HomeNigeria"I'm living proof you can play professional football and be gay"

“I’m living proof you can play professional football and be gay”

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On May 14, 2019, in an Instagram post to his followers, Andy Brennan, who plays for Hume City in Australia and previously played for Newcastle Jets, made history when he became the first male Australian footballer to publicly come out as gay.

Now he says ever since he made the decision, he hasn’t regretted it and is a living proof of a professional gay footballer.

 

 

Being gay is something rarely spoken about in professional football. 

The ‘ideal’ footballer or soccer player is heterosexual which is why Brennan shocked the entire football world when he came out as gay.

In 2020, an unnamed Premier League footballer, who has known since aged 14 that he gay, is said he is “too scared” to publicly come out because he feels that football has not “moved on” compared to the rest of society.

“Even though society has moved on massively since I was a teenager, the game simply hasn’t,” the unnamed footballer said in an open letter via the Justin Fashanu Foundation. 

“Those running it need to put more measures in place so gay players know they will get the support they need. The powers-that-be are only playing lip service to the issue.”

 

Brennan says he hopes others can be bold like him and come out too.

“I definitely think it’s about education and people saying things without realising how much of an impact it has on gay people,” Brennan told SPORTbible. 

“It feels like there’s a deep-rooted thought that you can’t play football and be gay. I’m living proof that you can and people do accept it.

“It’s so hard to put your finger on why people wouldn’t do it [come out]. But the fear is so real. The fear that you won’t get equal opportunities after putting so much time and effort into making it and to suddenly have that all put in jeopardy is a scary thing.

“If that person does come out, they are going to get so much publicity out of it. I certainly didn’t want that when I came out as gay. I didn’t want to do public speaking or anything like that, but then it got to the point where I realised how important this is.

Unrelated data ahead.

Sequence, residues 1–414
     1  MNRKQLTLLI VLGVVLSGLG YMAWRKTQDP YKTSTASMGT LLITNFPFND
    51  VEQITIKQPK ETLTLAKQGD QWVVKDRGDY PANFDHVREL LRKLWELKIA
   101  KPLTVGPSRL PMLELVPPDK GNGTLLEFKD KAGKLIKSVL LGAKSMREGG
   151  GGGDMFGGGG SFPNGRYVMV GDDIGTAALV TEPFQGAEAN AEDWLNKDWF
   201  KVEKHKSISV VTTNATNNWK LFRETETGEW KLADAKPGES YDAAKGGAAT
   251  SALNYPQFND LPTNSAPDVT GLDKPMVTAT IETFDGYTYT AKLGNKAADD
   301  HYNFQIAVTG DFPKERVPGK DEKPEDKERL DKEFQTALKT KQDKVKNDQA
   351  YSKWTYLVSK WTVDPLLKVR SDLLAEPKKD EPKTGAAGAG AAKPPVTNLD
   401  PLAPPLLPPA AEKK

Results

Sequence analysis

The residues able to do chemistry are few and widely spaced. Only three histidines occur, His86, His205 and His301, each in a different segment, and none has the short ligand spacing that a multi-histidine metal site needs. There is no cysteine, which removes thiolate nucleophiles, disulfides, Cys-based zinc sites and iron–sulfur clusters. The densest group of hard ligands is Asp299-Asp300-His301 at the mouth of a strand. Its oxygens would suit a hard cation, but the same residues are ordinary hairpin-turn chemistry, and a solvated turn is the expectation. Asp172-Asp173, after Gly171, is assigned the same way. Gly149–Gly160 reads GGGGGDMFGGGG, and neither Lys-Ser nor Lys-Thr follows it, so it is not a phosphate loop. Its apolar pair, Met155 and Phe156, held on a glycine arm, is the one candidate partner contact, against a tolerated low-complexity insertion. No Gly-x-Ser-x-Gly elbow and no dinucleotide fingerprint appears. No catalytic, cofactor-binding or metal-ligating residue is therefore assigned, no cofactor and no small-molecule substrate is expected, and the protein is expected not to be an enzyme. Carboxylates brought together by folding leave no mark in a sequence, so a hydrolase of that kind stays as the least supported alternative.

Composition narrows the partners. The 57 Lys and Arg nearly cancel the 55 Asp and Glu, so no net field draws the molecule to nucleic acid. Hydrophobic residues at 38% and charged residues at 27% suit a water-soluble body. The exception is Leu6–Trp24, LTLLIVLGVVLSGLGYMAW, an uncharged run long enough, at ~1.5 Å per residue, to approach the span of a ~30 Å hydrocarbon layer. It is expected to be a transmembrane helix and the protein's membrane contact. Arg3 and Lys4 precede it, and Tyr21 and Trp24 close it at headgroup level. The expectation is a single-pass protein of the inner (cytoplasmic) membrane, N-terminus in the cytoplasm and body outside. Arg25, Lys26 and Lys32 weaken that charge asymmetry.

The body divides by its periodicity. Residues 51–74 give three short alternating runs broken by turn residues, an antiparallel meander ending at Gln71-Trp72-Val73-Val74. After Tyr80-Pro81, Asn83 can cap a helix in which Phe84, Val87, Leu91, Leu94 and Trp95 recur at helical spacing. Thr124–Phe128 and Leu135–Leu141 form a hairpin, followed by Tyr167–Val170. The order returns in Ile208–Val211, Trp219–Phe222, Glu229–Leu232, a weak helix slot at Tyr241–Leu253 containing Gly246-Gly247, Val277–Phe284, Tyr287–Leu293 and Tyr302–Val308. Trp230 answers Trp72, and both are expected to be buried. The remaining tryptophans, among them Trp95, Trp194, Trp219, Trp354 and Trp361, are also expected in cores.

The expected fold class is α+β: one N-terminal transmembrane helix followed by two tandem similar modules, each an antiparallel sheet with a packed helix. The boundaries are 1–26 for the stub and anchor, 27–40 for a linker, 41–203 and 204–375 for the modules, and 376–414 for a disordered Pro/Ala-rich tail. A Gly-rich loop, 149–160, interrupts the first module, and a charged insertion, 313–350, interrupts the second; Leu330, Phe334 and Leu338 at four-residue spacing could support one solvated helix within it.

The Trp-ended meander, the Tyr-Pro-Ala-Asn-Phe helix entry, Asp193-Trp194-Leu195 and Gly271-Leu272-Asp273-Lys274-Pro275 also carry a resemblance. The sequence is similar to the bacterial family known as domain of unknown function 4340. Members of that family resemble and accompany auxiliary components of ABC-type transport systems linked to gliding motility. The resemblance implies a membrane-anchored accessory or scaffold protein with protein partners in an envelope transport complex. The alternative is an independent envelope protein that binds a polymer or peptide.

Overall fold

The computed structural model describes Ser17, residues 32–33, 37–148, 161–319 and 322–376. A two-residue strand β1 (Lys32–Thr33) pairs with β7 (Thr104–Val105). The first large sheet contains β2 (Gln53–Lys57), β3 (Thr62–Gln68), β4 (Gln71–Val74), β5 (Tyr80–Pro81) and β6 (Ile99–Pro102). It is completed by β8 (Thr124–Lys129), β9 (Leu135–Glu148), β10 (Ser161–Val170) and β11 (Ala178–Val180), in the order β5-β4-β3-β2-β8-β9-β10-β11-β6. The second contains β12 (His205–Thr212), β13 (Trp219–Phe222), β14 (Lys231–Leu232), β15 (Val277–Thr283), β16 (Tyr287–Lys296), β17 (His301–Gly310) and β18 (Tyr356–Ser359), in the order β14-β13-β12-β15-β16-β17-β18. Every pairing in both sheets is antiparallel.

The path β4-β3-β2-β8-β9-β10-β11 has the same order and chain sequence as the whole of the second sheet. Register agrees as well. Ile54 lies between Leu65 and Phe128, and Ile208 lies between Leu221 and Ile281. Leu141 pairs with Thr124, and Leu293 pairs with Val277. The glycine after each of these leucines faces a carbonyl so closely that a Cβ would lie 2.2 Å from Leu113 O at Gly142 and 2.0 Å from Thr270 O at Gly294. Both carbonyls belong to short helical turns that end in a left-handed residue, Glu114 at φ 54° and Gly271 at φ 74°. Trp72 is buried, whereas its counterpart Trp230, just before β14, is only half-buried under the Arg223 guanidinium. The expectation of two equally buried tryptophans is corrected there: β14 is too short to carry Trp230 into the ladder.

“I was getting messages from 16-year-old kids in Australia, who had grown up in the same kind of environment as me. I thought, ‘How the hell is this going to change if nobody speaks about it and pushes the subject while getting people to talk about it?’

“It makes sense that people would be so apprehensive about it. But hopefully with more education and more people talking about it, people can open up.

“Statistically speaking, there’s got to be people playing in the Premier League and Championship that are gay, but unfortunately those people will wait until they stop playing to come out. Even if it’s just one person who plays at such a high level and does come out – that might spark others to do the same and say, ‘It’s ridiculous that I’m holding this in.’

“Hopefully someone finds the courage to do it because it would be huge.”

“It’s taken me years to get comfortable saying this – I’m gay.”

“It got to the point where I was sick of holding it in and I was fighting it internally,” he told SPORTbible.

“I was carrying those insecurities, so to get rid of that was a huge relief,” he says. 

“I remember at first, I just told people I was bisexual because I felt like that would be easier to say but later I opened up and said I was gay. That took a long time to do.

“Every person you spoke to, whether it was your friend or a teammate, or even a coach; I had that same kind of fear going into a conversation. Especially because if it’s a friendship, you just don’t how they are going to respond. That fear is scary. 

“If they’re your friends and you enjoy spending time with them and suddenly, they might reject you or even stop spending time with you. It’s daunting.

“Those fears were the same in football. I’ve spent my whole life playing the game and I obviously love it but I kept thinking, ‘Does this mean I’m going to have to stop playing? Am I going to get abuse from fans? Are the players not going to accept me?’

“Obviously in the changing room, you’re getting dressed and getting ready, training four times a week. It would play on my mind. Now it doesn’t bother me but getting to that point was a relief because it was such a burden. I was constantly thinking about it.

“All those thoughts and feelings got into my head and lots of scenarios play out, so when you finally talk about it and see people actually don’t care and just want to play; that’s the most important thing.”

“I was more worried about the more minor things; whether people would act different or shy away from me while they were getting dressed in the changing room,” says Brennan.

“I didn’t care – and it wasn’t as if I was hitting on people or looking at them when i went in the room. For me it is, and has always been, about football. I want to go out and play, train and win. That didn’t change. For them to have the same reaction and not care about the personal stuff was brilliant.”

 

 

 

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